New York City Food Halls Return in a Big Way

The pandemic pummeled the vendor model. Will it succeed now?


As if it were recovering from a long (in this case, two-plus years) illness, New York’s appetite is finally back.

In September, New Yorkers nabbed two new food halls, in Midtown with the Singaporean Urban Hawker and in the Seaport District with the Tin Building. And that’s not even counting the tasting menu of other food halls that emerged over the last year, such as Urbanspace’s downtown outpost at 100 Pearl Street, or the Moynihan Food Hall that opened on the Far West Side. Together, the projects mark a resurgence in the food hall’s invasion of New York City — one cut short two years ago by the COVID-19 pandemic — though not all eateries are back, or better than ever.

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During the last 10 years, food halls served as an easy win for landlords looking to lease out large swaths of space all at once. Food halls offered low barriers to entry for new entrepreneurs (vendors can spend up to seven figures opening a restaurant, while a food hall stand is unlikely to cost more than $50,000); healthier, more diverse eating options for customers; and near-guaranteed foot traffic — “near” being the operative word. 

When the pandemic hit New York City, food halls shut down and five projects permanently dissolved, including Todd English’s Plaza Hotel outpost, according to brokerage Cushman & Wakefield (CWK), which tracks food halls nationwide. The permanent closures, all in Manhattan,  came as the borough’s downtown foot traffic plummeted as office workers traded the concrete jungle for kitchen tables, home offices and bedrooms. 

Remote work still bodes ill for the food hall industry. These eateries operate on their own food chain — without office workers grazing the grounds on weekday afternoons, financial survival becomes much harder.

“We’re really in the beginning stages of seeing how all of this plays out in the long term,” said Chase Welles, a partner of SCG Retail. “If there aren’t as many people around, obviously it’s not going to be as good for the five meal periods of the week, but maybe those guys will evolve into creating a few more day parts for themselves. … If there are, in fact, fewer customers, those particular venues will have to do something to create the same volume, and they will.”

Foot traffic at New York City’s food halls has rebounded as tourists return, workers trickle back into the office, and state and city governments lift COVID-19 restrictions. Chelsea Market — part food hall, part bazaar — went from 47 percent fewer visitors in January 2022 compared to January 2019, to 27 percent fewer visitors in August 2022 compared with the same month in 2019, according to data from foot traffic firm Dekalb Market Hall, the largest food hall in Brooklyn, and The Hugh Food Hall in Midtown both now see about 80 percent of their pre-pandemic business transactions, according to owner Anna Castellani, who also runs the all-day restaurant and marketplace ANA Bar & Eatery in Hudson Yards.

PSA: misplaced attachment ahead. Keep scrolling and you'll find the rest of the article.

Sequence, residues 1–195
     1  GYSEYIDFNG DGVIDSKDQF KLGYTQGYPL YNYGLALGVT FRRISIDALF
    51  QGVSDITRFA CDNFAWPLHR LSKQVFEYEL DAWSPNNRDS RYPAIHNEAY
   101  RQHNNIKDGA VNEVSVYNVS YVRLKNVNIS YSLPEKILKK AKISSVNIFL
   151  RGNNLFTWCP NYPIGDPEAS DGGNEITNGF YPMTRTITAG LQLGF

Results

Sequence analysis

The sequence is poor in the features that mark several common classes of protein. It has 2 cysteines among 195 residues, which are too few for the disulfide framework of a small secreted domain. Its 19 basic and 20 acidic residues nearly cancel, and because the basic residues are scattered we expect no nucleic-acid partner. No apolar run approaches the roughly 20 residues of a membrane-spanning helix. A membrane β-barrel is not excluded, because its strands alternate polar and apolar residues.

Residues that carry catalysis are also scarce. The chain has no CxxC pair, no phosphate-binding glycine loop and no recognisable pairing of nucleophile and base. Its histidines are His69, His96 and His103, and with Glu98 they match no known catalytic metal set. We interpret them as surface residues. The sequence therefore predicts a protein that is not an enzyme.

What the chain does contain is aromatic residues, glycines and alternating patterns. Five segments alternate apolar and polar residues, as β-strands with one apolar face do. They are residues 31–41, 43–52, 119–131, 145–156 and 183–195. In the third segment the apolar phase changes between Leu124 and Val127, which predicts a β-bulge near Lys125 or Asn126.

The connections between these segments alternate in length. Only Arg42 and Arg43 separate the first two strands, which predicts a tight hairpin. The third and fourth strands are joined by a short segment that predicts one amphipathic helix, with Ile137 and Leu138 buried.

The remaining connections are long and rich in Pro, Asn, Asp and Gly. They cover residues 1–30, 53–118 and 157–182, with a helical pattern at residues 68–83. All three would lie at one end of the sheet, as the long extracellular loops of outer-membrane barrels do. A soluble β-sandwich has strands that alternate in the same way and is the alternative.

The pandemic cut Castellani’s business to zero in Brooklyn and Manhattan, and she lost 10 vendors at Dekalb Market after it shuttered from spring to fall 2020. But she lost no vendors in the Hugh, though that venue remained closed until October 2021, she said. While business isn’t completely back, food halls are a concept proven to succeed, especially in residentially dense Brooklyn where the market is “on fire,” Castellani said. 

“I think the success of a market hall is really location-based, and there has to be a good amount of heart in it,” Castellani said. “A lot of developers were thinking about the food hall as a base to many of their developments, and looking at it just as a leasing strategy, and I don’t think you can do that.”

“Heart” is difficult to quantify. Take famous French restaurateur Jean-Georges Vongerichten’s latest project in the Tin Building. Vongerichten and his development partner, the Howard Hughes Corporation, teamed up in a joint venture to operate 20 restaurants, markets and a hidden House of the Red Pearl restaurant at the Tin Building in Manhattan’s Seaport District.